Space and the perception of space have to be relative (e.g to our general physical understanding) so the subjectively set objective measurement and relative perception should not change the exact physical extent of the space pointed out and described with a numeric expression of one Unit subjectively determined but objectively measurable.  

Edited by 1x0
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41 minutes ago, Area54 said:

Is this correct? I thought from a quantum perspective space was necessarily granular and that until we have a ToE, or reach some similar insight, the matter (Accidental pun) will not be resolved.

I don’t think quantum theory says that space is (or needs to be) quantised - quantum field theory is based on special relativity, in which space is continuous. 

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14 minutes ago, Strange said:

I don’t think quantum theory says that space is (or needs to be) quantised - quantum field theory is based on special relativity, in which space is continuous. 

This sort of thing is well above my pay grade, but these items appear to contradict you, at least as far as the possibility of non-continuity.

https://phys.org/news/2016-04-universe-space-time-discrete.html#jC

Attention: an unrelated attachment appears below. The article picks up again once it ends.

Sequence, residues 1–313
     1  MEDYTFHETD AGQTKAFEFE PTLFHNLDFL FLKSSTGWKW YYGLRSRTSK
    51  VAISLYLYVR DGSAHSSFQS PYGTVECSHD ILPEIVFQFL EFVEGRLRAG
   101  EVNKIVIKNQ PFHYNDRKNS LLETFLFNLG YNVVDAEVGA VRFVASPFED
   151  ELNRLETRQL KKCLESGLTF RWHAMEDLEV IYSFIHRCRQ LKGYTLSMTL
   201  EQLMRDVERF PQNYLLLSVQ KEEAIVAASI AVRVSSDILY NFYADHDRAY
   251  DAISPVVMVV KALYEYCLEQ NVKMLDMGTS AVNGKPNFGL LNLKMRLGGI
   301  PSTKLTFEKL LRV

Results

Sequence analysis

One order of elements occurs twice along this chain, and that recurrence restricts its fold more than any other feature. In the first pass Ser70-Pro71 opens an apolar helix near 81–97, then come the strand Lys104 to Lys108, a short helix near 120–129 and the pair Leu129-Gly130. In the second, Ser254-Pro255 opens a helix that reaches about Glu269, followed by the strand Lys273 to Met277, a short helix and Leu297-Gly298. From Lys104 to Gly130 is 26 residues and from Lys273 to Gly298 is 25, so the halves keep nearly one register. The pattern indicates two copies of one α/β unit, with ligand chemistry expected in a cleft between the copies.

"In quantum gravity, quantum mechanics and classical physics are at odds: scientists are still uncertain how to reconcile the quantum granularity of space-time with the theory of special relativity."

http://www.phys.lsu.edu/faculty/pullin/sciam.pdf

This popular piece by Lee Smolin is accompanied by the heading "We perceive space and time to be continuous, but if the amazing theory of loop quantum gravity is correct, they actually come in discrete pieces."

http://sci.esa.int/integral/48879-integral-challenges-physics-beyond-einstein/

"Einstein's General Theory of Relativity describes the properties of gravity and assumes that space is a smooth, continuous fabric. Yet quantum theory suggests that space should be grainy at the smallest scales, like sand on a beach. "

 

There appear to be dozens, perhaps hundreds, of such articles.  I don't wish to take this thread so far off-topic, but I'd like to get this straight in my own mind.

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37 minutes ago, Strange said: